I first heard about these cases last year, my first year at CLS. I immediately thought that these people were cowards. How could you sit and watch a stabbing or a rape and do nothing to stop it? How could you live with yourself after that? But, after a while I realized that I really had no right to judge these people. Of course, I would like to think that I would have offered help if I were in their situation. But, to be honest, it would be difficult for me to say whether I would have done differently.
I have never been in a situation similar to theirs. I have no idea how I would respond if I genuinely believed that helping these women would endanger my own life. And, I guess that’s the point. I have no right to judge others in this situation; I have no right to decide for them whether their feelings were valid or their fear real. I am not so virtuous that I can force my personal beliefs on others as a matter of law. I doubt that any of you are either.
Furthermore, Good Samaritan laws decrease the value of helping others. There is, of course, intrinsic and societal value to every good deed. This point is illustrated every year at the State of the Union address. This year, President Bush paid tribute to a Good Samaritan known around the country as the subway super hero. The practice of inviting surprise guests to the SOTU has been long held and began in 1982, when President Ronald Reagan recognized a Good Samaritan named Lenny Skutnick. And, that's how things work here in the US; people typically help accident victims, not because the law forces them to, but because they are motivated by goodwill.
In a free society, where people do not look to government to take care of them, goodwill is the rule, not the exception. Americans don't look to government to do what they ought to be doing for themselves. But, it would be quite different if these acts of "goodwill" were required as part of American citizenship. Requiring these deeds would decrease there value; they would no longer be seen as a testament to the great people in our nation. Instead, the deeds would be a constant reminder of our lack of free will and our legal obligations to others.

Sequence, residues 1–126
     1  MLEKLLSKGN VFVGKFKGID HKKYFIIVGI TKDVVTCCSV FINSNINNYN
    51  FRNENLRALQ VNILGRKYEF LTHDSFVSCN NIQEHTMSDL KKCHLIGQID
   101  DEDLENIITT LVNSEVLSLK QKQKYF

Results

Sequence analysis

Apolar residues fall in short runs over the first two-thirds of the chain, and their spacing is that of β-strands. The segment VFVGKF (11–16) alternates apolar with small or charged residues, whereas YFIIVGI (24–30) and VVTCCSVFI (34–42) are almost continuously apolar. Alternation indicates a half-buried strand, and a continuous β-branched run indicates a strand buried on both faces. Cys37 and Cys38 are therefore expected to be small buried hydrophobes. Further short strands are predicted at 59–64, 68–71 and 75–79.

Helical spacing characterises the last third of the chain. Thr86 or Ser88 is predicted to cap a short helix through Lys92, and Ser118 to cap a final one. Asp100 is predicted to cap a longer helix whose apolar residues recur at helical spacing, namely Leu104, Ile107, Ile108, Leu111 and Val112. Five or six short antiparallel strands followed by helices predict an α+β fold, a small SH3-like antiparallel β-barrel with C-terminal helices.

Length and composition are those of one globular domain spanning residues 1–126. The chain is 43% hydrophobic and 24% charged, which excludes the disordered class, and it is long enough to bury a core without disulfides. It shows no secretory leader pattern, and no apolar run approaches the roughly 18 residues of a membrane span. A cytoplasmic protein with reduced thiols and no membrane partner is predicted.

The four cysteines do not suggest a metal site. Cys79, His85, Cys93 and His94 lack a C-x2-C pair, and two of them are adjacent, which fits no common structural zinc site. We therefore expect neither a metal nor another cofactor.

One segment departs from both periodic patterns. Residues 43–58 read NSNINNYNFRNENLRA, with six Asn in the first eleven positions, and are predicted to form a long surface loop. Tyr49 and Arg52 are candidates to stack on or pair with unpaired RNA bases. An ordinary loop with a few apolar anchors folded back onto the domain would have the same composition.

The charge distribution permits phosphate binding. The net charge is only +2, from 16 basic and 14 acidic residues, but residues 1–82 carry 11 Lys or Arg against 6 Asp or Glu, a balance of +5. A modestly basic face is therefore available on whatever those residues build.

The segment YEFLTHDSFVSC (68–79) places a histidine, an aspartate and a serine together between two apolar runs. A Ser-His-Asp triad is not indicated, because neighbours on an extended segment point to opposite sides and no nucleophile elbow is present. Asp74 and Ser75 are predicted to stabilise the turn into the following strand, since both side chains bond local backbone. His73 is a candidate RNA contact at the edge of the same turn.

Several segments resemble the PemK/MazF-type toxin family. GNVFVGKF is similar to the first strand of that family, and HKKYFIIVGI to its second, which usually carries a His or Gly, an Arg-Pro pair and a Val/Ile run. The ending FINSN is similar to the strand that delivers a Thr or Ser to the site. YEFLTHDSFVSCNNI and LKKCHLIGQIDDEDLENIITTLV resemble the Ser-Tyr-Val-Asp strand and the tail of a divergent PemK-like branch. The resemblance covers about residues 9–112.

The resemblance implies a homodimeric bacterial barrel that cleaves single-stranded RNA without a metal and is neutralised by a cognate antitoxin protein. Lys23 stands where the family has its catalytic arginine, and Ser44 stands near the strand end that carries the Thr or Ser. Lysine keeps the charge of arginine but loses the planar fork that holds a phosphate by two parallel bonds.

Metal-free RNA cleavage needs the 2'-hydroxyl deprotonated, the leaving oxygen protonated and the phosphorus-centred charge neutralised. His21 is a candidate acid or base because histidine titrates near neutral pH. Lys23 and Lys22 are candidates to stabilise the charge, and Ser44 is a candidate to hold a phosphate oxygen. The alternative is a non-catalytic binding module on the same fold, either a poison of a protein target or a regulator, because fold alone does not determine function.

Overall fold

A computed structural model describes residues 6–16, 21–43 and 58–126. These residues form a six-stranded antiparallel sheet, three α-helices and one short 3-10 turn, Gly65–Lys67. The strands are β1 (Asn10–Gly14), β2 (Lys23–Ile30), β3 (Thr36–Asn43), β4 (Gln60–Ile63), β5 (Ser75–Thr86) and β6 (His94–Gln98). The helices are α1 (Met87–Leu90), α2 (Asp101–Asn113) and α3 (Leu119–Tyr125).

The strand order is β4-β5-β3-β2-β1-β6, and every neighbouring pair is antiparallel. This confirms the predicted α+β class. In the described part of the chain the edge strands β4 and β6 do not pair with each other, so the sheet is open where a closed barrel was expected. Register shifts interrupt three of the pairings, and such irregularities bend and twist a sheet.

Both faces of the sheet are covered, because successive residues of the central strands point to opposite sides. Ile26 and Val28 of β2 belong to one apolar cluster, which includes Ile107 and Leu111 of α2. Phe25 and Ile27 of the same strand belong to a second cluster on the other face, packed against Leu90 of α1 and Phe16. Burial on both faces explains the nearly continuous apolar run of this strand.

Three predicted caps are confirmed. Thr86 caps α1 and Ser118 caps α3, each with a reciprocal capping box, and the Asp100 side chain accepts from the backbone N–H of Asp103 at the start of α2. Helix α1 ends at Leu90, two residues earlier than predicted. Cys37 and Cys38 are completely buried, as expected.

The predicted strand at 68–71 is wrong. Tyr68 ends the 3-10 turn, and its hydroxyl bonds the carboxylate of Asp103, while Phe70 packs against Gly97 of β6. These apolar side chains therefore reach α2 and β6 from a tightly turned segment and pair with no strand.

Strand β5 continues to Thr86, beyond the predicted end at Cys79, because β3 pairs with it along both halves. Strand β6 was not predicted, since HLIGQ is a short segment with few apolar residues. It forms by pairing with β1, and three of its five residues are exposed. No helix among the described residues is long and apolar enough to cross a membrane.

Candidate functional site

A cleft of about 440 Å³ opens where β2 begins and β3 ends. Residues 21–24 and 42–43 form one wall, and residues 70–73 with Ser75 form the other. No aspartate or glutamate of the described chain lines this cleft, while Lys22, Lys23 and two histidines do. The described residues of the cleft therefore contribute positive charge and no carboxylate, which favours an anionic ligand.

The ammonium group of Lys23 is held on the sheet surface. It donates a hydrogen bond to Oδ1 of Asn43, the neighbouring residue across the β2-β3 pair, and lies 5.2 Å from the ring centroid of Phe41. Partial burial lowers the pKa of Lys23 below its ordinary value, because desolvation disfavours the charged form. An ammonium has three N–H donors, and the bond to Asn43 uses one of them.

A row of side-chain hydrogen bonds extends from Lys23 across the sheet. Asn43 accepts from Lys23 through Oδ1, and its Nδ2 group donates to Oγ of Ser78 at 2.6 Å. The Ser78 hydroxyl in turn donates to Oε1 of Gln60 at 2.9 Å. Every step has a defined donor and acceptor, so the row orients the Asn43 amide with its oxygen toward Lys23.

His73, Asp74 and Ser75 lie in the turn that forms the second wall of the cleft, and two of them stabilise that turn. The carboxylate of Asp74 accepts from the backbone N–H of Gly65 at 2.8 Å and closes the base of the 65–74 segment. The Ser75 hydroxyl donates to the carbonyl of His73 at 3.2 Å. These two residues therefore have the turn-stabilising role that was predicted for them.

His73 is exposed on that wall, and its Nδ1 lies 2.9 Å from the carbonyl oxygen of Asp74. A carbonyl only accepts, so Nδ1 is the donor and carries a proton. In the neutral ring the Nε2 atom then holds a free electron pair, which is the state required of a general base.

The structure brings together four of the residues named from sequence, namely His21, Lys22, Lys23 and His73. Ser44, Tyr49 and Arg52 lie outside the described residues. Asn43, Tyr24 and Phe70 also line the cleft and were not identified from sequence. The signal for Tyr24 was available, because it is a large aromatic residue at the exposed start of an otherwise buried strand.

These laws would also place an undue burden on our citizens. They force citizens to make unnecessary and damaging judgment calls. For example, suppose a citizen sees a girl strapped to train tracks, a train fast approaching. He is close to a lever that will switch the tracks and save her life. He also knows that the other track will send train passengers to a faulty bridge that will surely collapse with the weight of the train. Now, with Good Samaritan laws he is obligated to do something. This citizen must now choose between the life of one girl and the lives of many on a train. And, if he chooses poorly, he is certain to face criminal prosecution as a result. These are decisions that no citizen should be forced to make; with good Samaritan laws not only are they are forced to make these decisions but could be imprisoned for their choice.
The complexity of these judgment calls leads to a final point: the difficulty of administrability. Every case would turn on issues of fact. People would be forced to come to court to explain why they felt they were unable to help. Those who do help and exacerbate the problem, will come to court to explain why their deed, no matter how noble, ended in tragedy. Under a Good Samaritan law, a person could be fined or sent to jail for making a judgment call that the court deems unacceptable. Not only would this seriously undermine our sense of justice but it would also create added congestion in the courts (which is honestly the last thing we need.)